Donald Trump at a campaign rally in Altoona, Pa., on Aug. 12. (Eric Thayer/Reuters)

The other night, I went to a dinner party. The guests were all friends of mine — a scattering of writers and some business people — and we talked about the ouster of Roger Ailes amid a sexual harassment scandal and wondered why he was awarded a multimillion-dollar settlement, and we talked about the travails of his boss, that incredibly incompetent manager Rupert Murdoch, who never knew his blokes in England were hacking phones and also did not know that his boys at Fox News were allegedly acting like goats, and we even talked about the wee fender bender I had the night before — a mere metallic kiss, so to speak — and how the estimated repair costs were astounding. But it was not until the next morning that I awoke stunned to realize that we had not talked about Donald Trump.

It’s over.

I called some of the previous night’s guests and asked them if they noticed anything strange about the night before. I was like Sherlock Holmes in the story “Silver Blaze,” noting that a stable’s watchdog had not barked as a racehorse was stolen. He called it “the curious incident of the dog in the night-time,” and it meant that the thief was known to the dog. Here, too, what did not happen was of maximum importance. My dinner-party pals are no focus group, of course, but it’s hard not to conclude that Trump is trending toward passe. He is the storm that has passed, the ominously predicted catastrophe, like the Y2K bug, which was supposed to cause all the world’s computers to go haywire at the year 2000. Nothing happened.

I am fully aware that I recently confessed a Trump addiction, a need to read everything I could about him. His candidacy was always a spectacle and, while it remains so, in the last week or so it veered into farce. This happened precisely when Hugh Hewitt, the conservative radio host, asked Trump if he was speaking allegorically when he had said President Obama was “the founder of ISIS.”

“I know what you meant,” Hewitt helpfully volunteered. “You meant that he created the vacuum, he lost the peace.”

It's happened over and over: Republican presidential candidate Donald Trump makes a controversial statement then walks it back by saying he was joking or being sarcastic. Here are some examples. (Sarah Parnass/The Washington Post)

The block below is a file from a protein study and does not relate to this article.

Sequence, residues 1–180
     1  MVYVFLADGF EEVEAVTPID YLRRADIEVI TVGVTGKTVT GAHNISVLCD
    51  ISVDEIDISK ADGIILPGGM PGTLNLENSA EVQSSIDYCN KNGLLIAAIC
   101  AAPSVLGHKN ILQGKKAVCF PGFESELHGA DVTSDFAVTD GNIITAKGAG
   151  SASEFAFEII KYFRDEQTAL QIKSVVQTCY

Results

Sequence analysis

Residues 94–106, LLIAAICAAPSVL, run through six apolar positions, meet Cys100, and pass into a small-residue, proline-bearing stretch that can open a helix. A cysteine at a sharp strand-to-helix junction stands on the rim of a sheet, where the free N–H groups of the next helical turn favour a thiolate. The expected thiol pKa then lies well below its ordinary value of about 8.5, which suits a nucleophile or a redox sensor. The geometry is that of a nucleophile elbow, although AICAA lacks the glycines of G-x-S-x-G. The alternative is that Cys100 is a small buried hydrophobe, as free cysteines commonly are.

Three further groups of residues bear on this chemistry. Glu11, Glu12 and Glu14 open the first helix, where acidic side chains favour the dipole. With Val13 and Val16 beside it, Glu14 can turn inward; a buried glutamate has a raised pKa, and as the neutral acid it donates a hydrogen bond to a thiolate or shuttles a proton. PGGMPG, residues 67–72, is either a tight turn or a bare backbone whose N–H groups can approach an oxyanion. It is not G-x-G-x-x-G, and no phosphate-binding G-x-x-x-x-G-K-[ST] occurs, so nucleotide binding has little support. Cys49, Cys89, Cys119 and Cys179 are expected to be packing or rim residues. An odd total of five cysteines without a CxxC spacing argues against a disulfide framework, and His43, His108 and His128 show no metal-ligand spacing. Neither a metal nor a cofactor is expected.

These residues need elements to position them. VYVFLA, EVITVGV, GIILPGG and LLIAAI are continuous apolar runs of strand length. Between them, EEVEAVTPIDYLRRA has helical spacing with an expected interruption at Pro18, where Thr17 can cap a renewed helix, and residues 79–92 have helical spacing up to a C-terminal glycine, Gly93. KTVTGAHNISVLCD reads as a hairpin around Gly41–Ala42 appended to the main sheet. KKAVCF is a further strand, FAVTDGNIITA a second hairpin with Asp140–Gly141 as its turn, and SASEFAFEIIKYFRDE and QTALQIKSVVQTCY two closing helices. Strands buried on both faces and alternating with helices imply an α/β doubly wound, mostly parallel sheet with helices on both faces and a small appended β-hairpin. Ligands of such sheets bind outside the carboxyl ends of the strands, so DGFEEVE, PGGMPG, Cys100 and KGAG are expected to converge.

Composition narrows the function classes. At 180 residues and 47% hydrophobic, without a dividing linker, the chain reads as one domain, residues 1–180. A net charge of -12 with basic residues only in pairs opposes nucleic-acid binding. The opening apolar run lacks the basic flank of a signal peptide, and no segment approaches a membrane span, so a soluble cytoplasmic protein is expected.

“No, I meant he’s the founder of ISIS,” Trump insisted. “I do.”

Well, actually, Trump didn’t. But before he eventually allowed that he was being sarcastic, a day had passed, time for Trump to veer from eccentric and bombastic, from demagogic and nasty, to something else entirely: nuts. The man was saying something idiotic, something even Obama’s worst enemy knew was not true, and sticking to his guns when questioned. He looked and sounded unbalanced.

Trump’s undeniable achievement is to show us all that at the moral heart of the Republican Party lies crass opportunism. From the national chairman on down, countless members of the party have either endorsed Trump or gone silent. Some of them, such as Reince Priebus and the hapless Mike Pence, are the political equivalents of the guy who follows the circus elephants with a shovel. They are forever explaining or, when it is impossible to do so, simply ignoring. As for Pence, he must wake at night, drenched in sweat from a nightmare that his ticket has won. (“It’s all right, dear,” the devoted Karen Pence says. “I’ll read you the latest polls.”)

But Pence, Priebus and, yes, Paul Ryan are moral giants compared with the shrimps of the business community. Trump’s backers in the real estate industry and in the world of finance have to know the man would make a disastrous president and would strip the United States of whatever moral standing it still has. They should be confronted by their colleagues and asked at what cost they want to be a bit richer. Their concern, apparently, is limited to the tax code, which Trump promises to make business-friendly. These guys would depreciate the Statue of Liberty if they could.

Demagogues of the past have had their bad moments and come roaring back to success. So it may be too early to dismiss Trump’s candidacy. The vaunted “pivot,” in which Trump, in some Kafkaesque transition, goes to sleep a jackass and awakes a sleek thoroughbred, is remotely possible, and scandal of one sort or another may overtake Hillary Clinton, who, like a sunflower with the sun, has a tropism toward this sort of thing. But whole constituencies are gone — African Americans, Hispanics, et al. — and key states are out of reach, and Trump has gone from an inevitable dinner-party topic to not being mentioned at all. This dog didn’t bark. He can’t even hunt.

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